I was 23. A fresh-faced stockbroker right out of journalism school. (Well, what else do photojournalists do to make a living? Don't you judge me.) And I was purchasing my first home. A condo, to be exact.
It was perfect. Located in my favorite little mountain town, right off the Blue Ridge Parkway, with a network of hiking and biking trails -- literally -- right out of my back door. An end unit. Without anyone above or below me. A pool. Best of all: mine, aaaaaall mine.
Having come straight from college, I wasn't prepared for the typical neighbors that exist everywhere. I was used to the late night, heavily drinking, no one above the age of 30 neighbors. Not the "a bit past middle aged librarian/rasta band manager" neighbor, the grown mother and daughter sharing a one bedroom with 10 cats neighbor, or the "crazy camouflage wearing dog hating" neighbor.
Now, I was born and raised in the South, honey. I'm no stranger to animals. My grandparents raised horses, cows, and chickens. I learned how to train horses with my grandpa. I know all about weeks-long hunting trips for deer, turkey, or bears. And I actually know a lot about the habits of the aforementioned animals, not from hunting them, but from listening to my uncles and cousins talk around my grandparent's dinner table on Sunday nights. And no animal elicited more awe amongst these seasoned hunters than bears.
I grew up watching the "urban wildlife" develop around me. In my little mountain town, urban spread encroached on the habitats of local wildlife, forcing them to search elsewhere for food and the means to survive. It was commonplace to see wild turkeys strutting down my street or to upset a group of pheasants in the underbrush on a hike. I remember being so excited at age 8, seeing a bear for the first time, digging through the trash bins outside of a McDooms. I begged my mom to get closer, but she absolutely refused, and with good reason. Shortly after we left, the bear attacked a mother and her two children in the parking lot. (Apparently small humans look strangely like bear food.) I've been a lover of nature and animal behavior ever since.
When I moved into my First Home as a bonafide owner, I was anxious to discover what the surrounding woods held. Trekking down a trail for my first official hike, I came across one of my neighbors. She was the neighborhood Sweetheart, probably in her late 70s, wielding a machete to clear the trails, and had the most divine garden I had ever seen: basically she was a bad ass. As we spoke, she mentioned the nightly -- that's right folks, nightly -- visits of bears to our communal trash bins that were a mere 10 feet from the buildings. It seems that the condo association, a.k.a. the Neighborhood Nazis, didn't want to spend the measly $1000 to purchase bear-proof receptacles, so we had to resort to buying rubber bungee cords to keep the bears from opening the bins and feasting on our trash.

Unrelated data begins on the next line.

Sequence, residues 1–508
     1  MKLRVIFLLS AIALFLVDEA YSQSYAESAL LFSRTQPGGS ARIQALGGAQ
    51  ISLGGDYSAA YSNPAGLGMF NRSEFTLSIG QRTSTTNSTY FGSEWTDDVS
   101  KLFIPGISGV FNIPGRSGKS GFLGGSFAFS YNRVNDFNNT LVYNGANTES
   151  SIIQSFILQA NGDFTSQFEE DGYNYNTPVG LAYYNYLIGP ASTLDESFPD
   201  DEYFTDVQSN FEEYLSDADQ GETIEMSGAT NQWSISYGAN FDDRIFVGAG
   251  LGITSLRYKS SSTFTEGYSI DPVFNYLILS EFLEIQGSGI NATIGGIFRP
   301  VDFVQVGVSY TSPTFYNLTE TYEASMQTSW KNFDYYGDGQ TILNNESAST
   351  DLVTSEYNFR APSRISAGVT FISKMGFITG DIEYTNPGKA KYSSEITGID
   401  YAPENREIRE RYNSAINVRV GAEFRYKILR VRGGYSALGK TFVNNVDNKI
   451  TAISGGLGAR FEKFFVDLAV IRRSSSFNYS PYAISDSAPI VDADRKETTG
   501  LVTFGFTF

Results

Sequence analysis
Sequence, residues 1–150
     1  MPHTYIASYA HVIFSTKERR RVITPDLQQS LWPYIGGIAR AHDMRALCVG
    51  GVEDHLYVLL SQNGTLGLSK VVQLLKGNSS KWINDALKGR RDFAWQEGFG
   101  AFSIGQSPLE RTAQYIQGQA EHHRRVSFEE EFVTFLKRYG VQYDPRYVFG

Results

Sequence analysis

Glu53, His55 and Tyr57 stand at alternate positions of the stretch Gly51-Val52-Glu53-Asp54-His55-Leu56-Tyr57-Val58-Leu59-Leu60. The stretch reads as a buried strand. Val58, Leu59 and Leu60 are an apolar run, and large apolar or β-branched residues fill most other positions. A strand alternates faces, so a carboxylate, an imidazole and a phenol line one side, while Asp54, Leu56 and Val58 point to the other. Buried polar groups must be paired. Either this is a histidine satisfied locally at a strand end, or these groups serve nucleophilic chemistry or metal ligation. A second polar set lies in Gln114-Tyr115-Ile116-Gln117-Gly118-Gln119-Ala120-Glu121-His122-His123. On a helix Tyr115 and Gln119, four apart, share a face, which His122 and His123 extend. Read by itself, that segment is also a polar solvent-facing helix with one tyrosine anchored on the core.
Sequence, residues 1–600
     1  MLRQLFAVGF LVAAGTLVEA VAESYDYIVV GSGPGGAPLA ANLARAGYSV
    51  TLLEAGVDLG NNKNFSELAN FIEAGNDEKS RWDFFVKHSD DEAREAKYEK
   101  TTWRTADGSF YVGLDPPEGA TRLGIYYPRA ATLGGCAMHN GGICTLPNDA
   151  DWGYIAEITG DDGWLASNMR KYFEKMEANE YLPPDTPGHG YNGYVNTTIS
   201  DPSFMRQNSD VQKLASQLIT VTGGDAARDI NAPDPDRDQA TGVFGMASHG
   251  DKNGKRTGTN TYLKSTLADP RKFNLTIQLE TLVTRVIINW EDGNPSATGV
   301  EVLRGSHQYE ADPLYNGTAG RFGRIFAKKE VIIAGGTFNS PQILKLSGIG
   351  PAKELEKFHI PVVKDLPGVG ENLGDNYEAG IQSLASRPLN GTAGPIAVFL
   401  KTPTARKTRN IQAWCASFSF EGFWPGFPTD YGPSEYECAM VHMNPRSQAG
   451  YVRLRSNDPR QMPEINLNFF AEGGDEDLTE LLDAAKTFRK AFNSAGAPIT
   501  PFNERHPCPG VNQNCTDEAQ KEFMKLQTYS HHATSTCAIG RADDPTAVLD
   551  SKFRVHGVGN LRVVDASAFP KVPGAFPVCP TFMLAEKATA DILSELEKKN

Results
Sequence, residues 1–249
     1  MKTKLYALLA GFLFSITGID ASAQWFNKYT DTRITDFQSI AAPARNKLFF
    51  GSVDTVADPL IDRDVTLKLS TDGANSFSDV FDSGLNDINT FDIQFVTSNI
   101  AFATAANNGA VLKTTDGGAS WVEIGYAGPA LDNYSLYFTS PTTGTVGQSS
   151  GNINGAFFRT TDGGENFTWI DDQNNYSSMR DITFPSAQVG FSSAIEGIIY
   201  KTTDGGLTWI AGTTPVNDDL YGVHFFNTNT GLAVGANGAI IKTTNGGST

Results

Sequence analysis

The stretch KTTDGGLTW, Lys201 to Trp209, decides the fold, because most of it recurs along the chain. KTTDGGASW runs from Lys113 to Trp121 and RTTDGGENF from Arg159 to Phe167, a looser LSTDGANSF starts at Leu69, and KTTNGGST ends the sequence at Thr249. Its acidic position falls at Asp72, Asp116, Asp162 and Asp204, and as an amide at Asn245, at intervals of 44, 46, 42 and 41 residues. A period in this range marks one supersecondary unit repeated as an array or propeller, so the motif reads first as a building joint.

I was never brave enough to venture out and take a look when the bears were in mid gorge because that would mean walking the length of my building in the dark, and there were bears out there, dammit! But every morning, the evidence of their nightly feast was spread around the grass.
A few months after I moved in, I was returning home late one evening, after the sun had set, and saw a small cluster of people gathered at the end of the building where the trash cans lived. Intrigued and always curious, I tottered over on my 4-inch heels (hey, I was still single then) to see what was happening.
What was to come is probably the biggest piece of idiocy I have EVER SEEN (and this is including a neighbor I had in Charlotte that a) used a fucking power drill to aerate his yard, b) went swimming in his pool in a thunderstorm, and c) put his gate spring on the wrong side so that it didn't swing shut, but sprung open and into your face when you opened the latch).
Once I peered past the small gathering of people, which included children and elderly, I saw a mother bear and her two cubs pawing through the garbage. Despite the fact that there is almost nothing more dangerous than a mother bear with a cub, much less two, they seemed completely unperturbed by our presence, and so we all watched them in wary delight. We all watched in wary delight, that is, until Big Tough Camo-Wearing Dog Hater came out of his condo. His unit was closest to the trash bins, so he must have heard the gathering group. (If only we had known, we would have shut up so as not to disturb him from his den.) Camo-Idiot comes out of his house, wearing full hunting regalia, and carrying a high-powered spotlight. Well, okay, sure -- a spotlight. Not so crazy, right? I didn't think so either, until he positioned the spotlight right on the cubs, picked up a hand-full of rocks, and started throwing them. I was already placing my hand on my neighbor-children's shoulders and moving them back from the impending atrocity, when the moron actually hit one of the cubs. The mother bear's head whipped around and stared him straight in the face, she got down on all fours with head lowered, and I don't know exactly what happened next because I had already grabbed the kids and 4-inch hoofed it into my place. I didn't know what happened, that is, until about 2 seconds later when I heard his terrified howl.
Everyone scattered. Everyone but Camo-Douche. What was he thinking, throwing rocks at bear cubs with this group of people standing around looking like future bear jerky? I suppose we will never know, because the bear attacked him, put him in the hospital, and I never spoke to him again.
Every time I think about this little nugget, I can't help but shake my head at nature. If evolution had a consciousness, the bear would have killed him. Hell, I wanted to kill him.
Thank god the man never reproduced.